At the main entrance to Dambulla, I had to pay my tourist fee; Weerisinghe, as a Sinhalese was free to enter. Of course we had to leave our shoes at the entrance. Once inside, we ambled around the forecourt. Little brown monkeys squawked everywhere, chattered in trees, played on the hot rocks, took water from the rainfed ponds. You had to have your wits about you not to lose a camera or wallet. Several were bold enough to come up to people and look expectantly for food, and , if you were not looking, put a paw in your pocket. The rock itself had been cut away, and the forecourt was lined with sets. A bo tree grew in one part of the courtyard, and there was a small wall to lean out to view the expansive panorama to the south. On the rock side, a colonnade guarded the entrance to the five caves. It was not original, at one time the caves were exposed to the elements, but they were deep enough not to be affected by the rain, and the clever Sinhalese had cut a groove in the rock above the entrance to all the caves which allowed water from the rock to form drips, like the metal ends of an umbrella’s spokes, to make sure the water did not run back into the painted walls of the caves. The colonnades were recent Victorian additions.
The reason such protection was necessary was because in this one temple, there were 150 images of Buddha, some enormous, some tiny, and all in one of the three positions of Buddha; Sitting (cross legged in lotus position), Standing or lying, and depending on the hands, feet or eyes, he could Sleeping, Teaching, Praying, Meditating or Dead. When I had seen the temples in Kandy and on the road from Colombo, no-one had really explained to me what it all meant, but now one of the monks guided me around the temple and he made sure that he repeated the teaching as often as possible so it would go home. After seeing a couple of hundred other Buddhas in the next few days, it did stick, although I must say much of it has disappeared from the grey matter again now.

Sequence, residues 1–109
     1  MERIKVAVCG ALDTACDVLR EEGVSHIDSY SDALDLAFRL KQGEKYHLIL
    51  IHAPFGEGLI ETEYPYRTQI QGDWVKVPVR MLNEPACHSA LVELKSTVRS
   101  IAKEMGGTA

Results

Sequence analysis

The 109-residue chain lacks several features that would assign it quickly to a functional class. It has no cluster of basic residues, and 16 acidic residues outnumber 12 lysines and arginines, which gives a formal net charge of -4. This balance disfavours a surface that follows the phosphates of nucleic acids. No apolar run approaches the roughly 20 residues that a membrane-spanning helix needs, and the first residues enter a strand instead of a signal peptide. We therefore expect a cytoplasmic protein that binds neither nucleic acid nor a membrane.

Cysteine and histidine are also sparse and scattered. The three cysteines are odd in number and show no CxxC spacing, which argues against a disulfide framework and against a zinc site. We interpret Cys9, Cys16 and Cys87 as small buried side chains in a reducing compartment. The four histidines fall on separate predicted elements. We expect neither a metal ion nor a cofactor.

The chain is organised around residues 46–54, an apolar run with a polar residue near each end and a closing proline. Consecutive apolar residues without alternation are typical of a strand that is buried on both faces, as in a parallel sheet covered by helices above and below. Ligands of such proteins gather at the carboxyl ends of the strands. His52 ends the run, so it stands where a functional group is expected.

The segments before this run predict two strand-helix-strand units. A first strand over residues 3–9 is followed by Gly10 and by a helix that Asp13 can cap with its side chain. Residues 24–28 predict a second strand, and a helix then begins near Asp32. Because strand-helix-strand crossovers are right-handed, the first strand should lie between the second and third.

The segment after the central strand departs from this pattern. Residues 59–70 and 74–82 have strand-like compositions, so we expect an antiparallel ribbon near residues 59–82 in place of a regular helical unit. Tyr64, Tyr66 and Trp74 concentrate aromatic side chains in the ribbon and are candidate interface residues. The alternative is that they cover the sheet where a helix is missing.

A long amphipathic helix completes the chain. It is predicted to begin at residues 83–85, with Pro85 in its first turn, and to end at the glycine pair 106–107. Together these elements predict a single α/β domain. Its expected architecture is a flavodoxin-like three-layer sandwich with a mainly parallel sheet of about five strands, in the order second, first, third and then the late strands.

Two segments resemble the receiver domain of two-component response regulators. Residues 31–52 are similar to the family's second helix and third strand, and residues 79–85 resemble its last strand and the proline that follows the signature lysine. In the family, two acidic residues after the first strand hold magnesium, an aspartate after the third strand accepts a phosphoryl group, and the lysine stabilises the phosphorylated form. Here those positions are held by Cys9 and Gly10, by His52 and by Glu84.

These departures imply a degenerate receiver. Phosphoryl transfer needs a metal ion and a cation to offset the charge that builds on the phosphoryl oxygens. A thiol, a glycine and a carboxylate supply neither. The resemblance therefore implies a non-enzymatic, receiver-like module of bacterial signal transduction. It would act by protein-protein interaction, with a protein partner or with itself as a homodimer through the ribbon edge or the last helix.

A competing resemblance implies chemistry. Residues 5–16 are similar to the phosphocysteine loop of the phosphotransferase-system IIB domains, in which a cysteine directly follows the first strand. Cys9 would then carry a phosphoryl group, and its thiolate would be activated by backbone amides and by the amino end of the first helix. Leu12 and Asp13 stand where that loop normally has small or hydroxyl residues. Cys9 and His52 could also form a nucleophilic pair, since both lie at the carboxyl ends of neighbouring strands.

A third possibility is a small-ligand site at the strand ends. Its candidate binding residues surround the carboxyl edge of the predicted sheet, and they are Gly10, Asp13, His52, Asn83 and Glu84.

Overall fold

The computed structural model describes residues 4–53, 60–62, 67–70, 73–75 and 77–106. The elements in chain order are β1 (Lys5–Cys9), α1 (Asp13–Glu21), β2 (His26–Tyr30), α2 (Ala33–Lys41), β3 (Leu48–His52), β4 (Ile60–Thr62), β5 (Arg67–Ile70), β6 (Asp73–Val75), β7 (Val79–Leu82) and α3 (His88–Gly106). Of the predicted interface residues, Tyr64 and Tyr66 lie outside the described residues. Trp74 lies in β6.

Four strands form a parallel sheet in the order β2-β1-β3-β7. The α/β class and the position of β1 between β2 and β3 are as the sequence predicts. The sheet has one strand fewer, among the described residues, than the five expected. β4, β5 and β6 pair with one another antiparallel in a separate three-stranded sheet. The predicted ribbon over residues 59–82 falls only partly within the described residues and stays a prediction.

Apart from the huge number of Buddhas, what caught my eye was the full colour of these. Most of the statues I had seen had peeling paint work or none at all. All of the Dambulla Buddhas were vivid, and the simplistic painting of his face and clothes were made stark by these bright colours. As I was led from Cave 1 to Cave 2 to Cave 3 the number of Buddhas multiplied before my eyes. Cave 3 was the largest, with nearly half of all the Buddhas lining the sides. Some rainwater had affected a few of these, but they were still in pretty good condition. I have a lot of respect for other religious wishes and understood that I should not take photographs inside the temple, but apparently the easy going Buddhists had allowed it up until a few years before. Then a German woman visited the temple, and decided that to get to the right place, the right angle, to take a shot of the cave, she would have to stand on one of the statues and look down, and as she did so a large lump of plaster came off. The irresponsibility of one woman meant no-one was now allowed to photograph inside the caves. Perhaps it is a good thing, the thought of thirty flashes a minute would have spoilt the calm atmosphere in the temple.